Vanessa James gets all fired up celebrating the Up Helly Aa Viking festival in Scotland's Shetland Islands.
My eyes streamed and stung from the greasy smoke of a thousand paraffin-soaked torches. Ice-cold rain coursed down my neck as the wind flung tiny pieces of burning sacking in my face.
A spark seared a hole in my chin while the rest of my face froze. The crowd around me pressed back into the stone wall encircling the park behind us.
Through the dark, armed Vikings were striding towards us, blazing torches in one hand, axes in the other, chanting and shouting and followed by squad after squad of bizarrely dressed Shetland Islanders. In the crowd, dogs pulled at their leashes and children ducked away from the fire and the smoke and the yelling, as the Vikings strode through.
The cavalcade circled the crowd and marched into the field, then the stinging and the burning was coming from both sides: we were hemmed in by a thousand marching madmen. Around the field they went and around again, singing and chanting and advancing ever closer to where a Viking galley, its mighty dragon face upturned, loomed shining in the night. Closer and closer, then suddenly their torches were flying in the air, wave after wave of fire thrown into the galley. Massive flames erupted higher and higher, curtains of colour and heat billowing in the dark, ripping through the galley until the dragon's neck burnt through and its head toppled into the bonfire.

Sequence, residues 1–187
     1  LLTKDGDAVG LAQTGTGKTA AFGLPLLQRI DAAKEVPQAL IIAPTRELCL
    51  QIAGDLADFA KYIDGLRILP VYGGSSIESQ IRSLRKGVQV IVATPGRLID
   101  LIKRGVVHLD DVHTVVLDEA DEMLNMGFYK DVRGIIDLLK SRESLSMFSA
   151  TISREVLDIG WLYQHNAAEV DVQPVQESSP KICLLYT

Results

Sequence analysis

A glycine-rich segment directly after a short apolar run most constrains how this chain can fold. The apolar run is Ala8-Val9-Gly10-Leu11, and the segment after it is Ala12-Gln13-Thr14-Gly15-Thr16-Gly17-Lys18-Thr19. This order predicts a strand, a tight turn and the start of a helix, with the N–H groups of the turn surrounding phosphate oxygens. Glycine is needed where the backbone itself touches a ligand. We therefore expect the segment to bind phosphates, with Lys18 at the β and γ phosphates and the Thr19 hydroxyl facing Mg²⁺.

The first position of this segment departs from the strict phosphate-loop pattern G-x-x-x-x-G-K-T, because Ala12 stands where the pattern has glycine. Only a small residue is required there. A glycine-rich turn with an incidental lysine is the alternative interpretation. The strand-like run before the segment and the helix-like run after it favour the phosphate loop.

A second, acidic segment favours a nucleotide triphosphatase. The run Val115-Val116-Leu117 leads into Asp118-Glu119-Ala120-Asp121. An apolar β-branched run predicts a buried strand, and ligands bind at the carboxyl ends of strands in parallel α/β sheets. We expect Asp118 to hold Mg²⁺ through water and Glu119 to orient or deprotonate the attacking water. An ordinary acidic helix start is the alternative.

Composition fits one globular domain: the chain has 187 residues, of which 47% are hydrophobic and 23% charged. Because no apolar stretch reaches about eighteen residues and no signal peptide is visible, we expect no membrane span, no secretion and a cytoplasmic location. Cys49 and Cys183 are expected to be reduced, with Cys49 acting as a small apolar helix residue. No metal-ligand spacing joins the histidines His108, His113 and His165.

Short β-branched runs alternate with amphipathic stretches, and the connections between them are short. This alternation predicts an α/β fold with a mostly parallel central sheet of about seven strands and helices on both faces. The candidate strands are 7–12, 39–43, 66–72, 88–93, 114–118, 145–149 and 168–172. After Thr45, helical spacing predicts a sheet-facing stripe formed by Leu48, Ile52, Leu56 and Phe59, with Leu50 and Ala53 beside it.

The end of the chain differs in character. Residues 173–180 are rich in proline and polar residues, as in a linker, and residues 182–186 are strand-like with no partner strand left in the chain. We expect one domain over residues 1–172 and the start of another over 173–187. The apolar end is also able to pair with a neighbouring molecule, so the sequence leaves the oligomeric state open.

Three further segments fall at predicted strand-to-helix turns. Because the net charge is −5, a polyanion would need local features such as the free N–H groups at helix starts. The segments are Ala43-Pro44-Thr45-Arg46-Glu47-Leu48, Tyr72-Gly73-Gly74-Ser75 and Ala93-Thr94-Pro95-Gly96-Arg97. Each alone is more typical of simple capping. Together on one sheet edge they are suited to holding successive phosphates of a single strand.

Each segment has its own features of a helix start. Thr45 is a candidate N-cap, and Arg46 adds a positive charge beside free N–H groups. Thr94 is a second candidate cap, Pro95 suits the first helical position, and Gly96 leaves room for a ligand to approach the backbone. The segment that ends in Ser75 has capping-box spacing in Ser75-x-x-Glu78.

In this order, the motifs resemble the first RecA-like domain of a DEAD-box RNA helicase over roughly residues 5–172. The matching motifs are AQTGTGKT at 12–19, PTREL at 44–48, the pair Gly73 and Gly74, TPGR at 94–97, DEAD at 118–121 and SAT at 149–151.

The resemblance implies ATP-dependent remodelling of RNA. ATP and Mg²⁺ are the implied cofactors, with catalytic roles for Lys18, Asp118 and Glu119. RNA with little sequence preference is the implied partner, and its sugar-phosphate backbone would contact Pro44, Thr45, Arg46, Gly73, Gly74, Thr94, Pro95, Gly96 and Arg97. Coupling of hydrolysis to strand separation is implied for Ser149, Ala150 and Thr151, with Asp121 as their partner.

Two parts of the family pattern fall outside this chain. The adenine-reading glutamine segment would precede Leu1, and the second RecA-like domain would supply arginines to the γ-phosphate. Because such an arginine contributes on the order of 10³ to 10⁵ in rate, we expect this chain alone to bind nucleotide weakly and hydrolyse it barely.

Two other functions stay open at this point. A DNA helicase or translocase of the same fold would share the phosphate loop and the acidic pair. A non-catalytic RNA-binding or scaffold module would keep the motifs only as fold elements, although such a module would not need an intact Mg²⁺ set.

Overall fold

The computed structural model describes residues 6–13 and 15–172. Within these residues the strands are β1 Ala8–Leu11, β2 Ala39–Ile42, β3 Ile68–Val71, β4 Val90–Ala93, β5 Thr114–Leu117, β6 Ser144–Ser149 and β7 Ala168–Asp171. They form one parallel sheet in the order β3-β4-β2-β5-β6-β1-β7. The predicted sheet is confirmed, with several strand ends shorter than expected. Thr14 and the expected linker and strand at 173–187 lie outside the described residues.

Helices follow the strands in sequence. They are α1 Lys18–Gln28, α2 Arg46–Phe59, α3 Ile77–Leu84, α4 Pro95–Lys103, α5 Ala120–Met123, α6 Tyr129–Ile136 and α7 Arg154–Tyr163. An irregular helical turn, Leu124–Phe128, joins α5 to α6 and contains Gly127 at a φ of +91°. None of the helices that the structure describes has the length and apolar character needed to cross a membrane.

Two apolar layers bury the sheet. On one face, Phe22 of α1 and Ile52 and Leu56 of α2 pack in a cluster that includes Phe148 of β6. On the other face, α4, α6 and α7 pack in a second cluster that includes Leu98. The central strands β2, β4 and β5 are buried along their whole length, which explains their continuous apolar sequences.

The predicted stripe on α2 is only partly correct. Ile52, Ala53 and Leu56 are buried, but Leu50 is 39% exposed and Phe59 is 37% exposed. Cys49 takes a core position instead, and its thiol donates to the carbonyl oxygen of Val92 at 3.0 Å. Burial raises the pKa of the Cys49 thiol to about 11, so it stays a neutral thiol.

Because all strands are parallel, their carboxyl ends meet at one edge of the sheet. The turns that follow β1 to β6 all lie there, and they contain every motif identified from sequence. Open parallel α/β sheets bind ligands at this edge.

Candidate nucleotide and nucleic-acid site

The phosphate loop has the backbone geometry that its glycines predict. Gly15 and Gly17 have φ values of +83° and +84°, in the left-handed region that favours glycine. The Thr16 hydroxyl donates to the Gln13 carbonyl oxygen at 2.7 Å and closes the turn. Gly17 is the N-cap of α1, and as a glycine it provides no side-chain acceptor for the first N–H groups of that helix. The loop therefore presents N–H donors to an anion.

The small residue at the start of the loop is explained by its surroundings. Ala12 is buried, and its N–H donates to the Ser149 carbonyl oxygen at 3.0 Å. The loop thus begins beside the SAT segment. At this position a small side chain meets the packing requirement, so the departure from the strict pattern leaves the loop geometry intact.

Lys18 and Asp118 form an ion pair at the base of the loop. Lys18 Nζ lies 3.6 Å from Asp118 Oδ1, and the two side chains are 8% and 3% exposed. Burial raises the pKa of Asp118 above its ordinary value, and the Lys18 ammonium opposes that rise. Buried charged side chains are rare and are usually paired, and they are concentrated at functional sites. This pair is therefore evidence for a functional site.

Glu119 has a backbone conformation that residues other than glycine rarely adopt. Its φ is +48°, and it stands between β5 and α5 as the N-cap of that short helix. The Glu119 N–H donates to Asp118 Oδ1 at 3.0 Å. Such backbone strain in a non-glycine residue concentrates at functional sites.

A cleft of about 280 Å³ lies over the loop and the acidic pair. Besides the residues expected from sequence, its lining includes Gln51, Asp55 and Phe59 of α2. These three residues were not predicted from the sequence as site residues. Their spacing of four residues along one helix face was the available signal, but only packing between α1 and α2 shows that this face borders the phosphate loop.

Cheering and screaming, the madmen waited until rain sputtered the fire, turned away and marched silently out of the field. The crowd separated out into the night.
Our group of four walked up the hill to Bell's Brae Primary School, where we checked our coats in the gym and settled down for a drink before the night really got under way.
We had just experienced the procession of Up Helly Aa, a Viking fire festival which started in the 1800s and endures today as the biggest event on the Shetland calendar.